Posts Tagged: legislators
The Assembly chamber at the state Capitol in Sacramento. (Photo: Felix Lipov, via Shutterstock)
California courts are occasionally faced with scrutinizing the lawmakers’ decisions to label some bills as urgency statutes and others as special statutes. It may sound unexciting, but the reality is this: The courts’ rulings can affect millions of Californians.
An illustration of an array of prescription medications. (Photo: Adul10, via Shutterstock)
OPINION: Due to cost-cutting policies, health insurers often become a barrier to access for medicines that providers prescribe to patients. One such practice is referred to as step therapy. Step therapy forces patients to try several medications before approving the medication originally prescribed by the doctor.
A medical technician prepares to draw blood from a patient. (Photo: Ruchuda Boonplien, via Shutterstock)
OPINION: The worry of a mother for her child never ends. I am the sole caretaker of my adult daughter who suffers from multiple rare diseases. Her conditions hold her from living independently. During her 35 years of life and her 12 years of living with her chronic conditions, I cannot remember the many times that she almost died.
The corner of San Pedro Street in a low-income portion of downtown Los Angeles. (Photo: Hayk Sahlunts, via Shutterstock)
OPINION: Did you know that Los Angeles once had a thriving, affluent Black community called Sugar Hill that was obliterated when Interstate 10 was built right through it in the early 1960s? Or that historically Black West Oakland was economically strangled when Interstate 980 cut it off from the downtown commercial district?
A view of the east side of the state Capitol in Sacramento. (Photo: ZikG, via Shutterstock)
OPINION: As legislators reconvened this month, they returned to a relatively empty Capitol building. Why, then, are they pursuing a $1.3 billion Capitol Annex “renovation” project? Cognitive dissonance is the most charitable explanation I can conjure for this costly boondoggle proceeding amidst the COVID-induced economic disaster that’s destroying the lives of Californians and plunging countless in the state into poverty
The state Capitol in Sacramento, home of the Senate and Assembly. (Photo: Kit Leong, via Shutterstock)
One way to help figure out the legislative intent behind a particular measure is a letter written by the bill’s author that is published in the Assembly Daily Journal or the Senate Daily Journal.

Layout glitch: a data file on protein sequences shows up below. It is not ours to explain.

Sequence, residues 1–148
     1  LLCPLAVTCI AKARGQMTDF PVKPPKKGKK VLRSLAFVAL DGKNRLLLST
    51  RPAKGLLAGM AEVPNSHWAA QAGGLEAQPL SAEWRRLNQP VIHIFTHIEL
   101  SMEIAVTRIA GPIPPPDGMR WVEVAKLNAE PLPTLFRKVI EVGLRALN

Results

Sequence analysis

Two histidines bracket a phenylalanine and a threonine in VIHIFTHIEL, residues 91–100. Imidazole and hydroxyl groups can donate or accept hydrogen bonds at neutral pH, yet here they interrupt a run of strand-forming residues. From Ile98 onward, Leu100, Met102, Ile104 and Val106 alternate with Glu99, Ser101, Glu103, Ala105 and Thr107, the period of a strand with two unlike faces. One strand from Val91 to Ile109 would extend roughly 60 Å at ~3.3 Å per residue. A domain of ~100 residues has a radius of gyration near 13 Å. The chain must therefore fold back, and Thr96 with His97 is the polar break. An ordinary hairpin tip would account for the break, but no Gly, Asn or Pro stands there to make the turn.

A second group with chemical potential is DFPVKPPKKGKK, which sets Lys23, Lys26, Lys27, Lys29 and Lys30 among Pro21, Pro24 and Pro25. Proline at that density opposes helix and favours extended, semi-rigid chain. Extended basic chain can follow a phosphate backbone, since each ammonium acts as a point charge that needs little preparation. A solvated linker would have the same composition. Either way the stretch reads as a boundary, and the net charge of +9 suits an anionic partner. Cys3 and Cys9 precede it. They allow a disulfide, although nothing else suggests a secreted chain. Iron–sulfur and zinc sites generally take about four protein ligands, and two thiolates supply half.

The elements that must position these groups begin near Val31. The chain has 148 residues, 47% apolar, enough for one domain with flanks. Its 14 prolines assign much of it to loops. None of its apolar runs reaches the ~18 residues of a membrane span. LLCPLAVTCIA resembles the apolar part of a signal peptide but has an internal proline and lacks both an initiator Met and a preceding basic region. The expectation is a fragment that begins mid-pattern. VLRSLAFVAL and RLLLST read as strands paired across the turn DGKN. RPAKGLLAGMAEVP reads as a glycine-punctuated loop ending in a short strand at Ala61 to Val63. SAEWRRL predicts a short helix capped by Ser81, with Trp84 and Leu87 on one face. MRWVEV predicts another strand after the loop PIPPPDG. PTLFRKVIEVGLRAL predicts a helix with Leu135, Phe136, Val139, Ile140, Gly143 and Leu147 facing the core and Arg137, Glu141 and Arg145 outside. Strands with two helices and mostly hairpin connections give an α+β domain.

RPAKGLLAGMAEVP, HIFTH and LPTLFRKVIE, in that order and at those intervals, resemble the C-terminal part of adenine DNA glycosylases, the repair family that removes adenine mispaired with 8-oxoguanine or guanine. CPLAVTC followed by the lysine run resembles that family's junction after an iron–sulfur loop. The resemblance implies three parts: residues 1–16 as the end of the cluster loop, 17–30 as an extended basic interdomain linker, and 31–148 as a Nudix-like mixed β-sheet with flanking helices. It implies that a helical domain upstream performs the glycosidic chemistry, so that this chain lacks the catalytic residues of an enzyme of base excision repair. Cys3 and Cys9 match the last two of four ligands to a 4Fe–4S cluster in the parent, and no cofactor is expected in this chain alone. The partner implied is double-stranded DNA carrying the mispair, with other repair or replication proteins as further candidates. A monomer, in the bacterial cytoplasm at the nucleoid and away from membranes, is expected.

The state Capitol in Sacramento, the seat of California government. (Photo: Always Wanderlust, via Shutterstock)
That $26 billion dollar “windfall” that California lawmakers learned about last month may not withstand a second round of economy-squelching lockdowns, and the risk of losing what little leverage they have is a top concern for state budget writers.
The chamber of the state Senate in Sacramento. (Photo: Felix Lipov, via Shutterstock)
In simplistic terms, lobbying the state Senate and Assembly floors is similar to lobbying legislative committees, except that the scale is much larger. For example, some committees have as few five members (elected officials), while others have over 20 members. As you would assume, most committees in the 40-member Senate have fewer members sitting on them than do their counterparts in the 80-member Assembly.
Gov. Gavin Newsom, who recently signed into law major health care-related approved by lawmakers. (Photo: Rich Pedroncelli, AP)
When Democratic Gov. Gavin Newsom concluded the chaotic legislative year Wednesday — his deadline to sign or veto bills — what emerged wasn’t the sweeping platform he and state lawmakers had outlined at the beginning of the year. But the dozens of health care measures they approved included first-in-the-nation policies to require more comprehensive coverage of mental health and addiction, and thrusting the state into the generic drug-making business.
Police officers in Los Angeles observe a public protest. (Photo: Matt Gush, via Shutterstock)
OPINION: As members of our California communities call for reform, our state legislators have proposed almost two dozen bills aimed at fundamentally changing the practice of law enforcement in our state. Unfortunately, many of these bills were developed overnight, in silos and behind closed doors.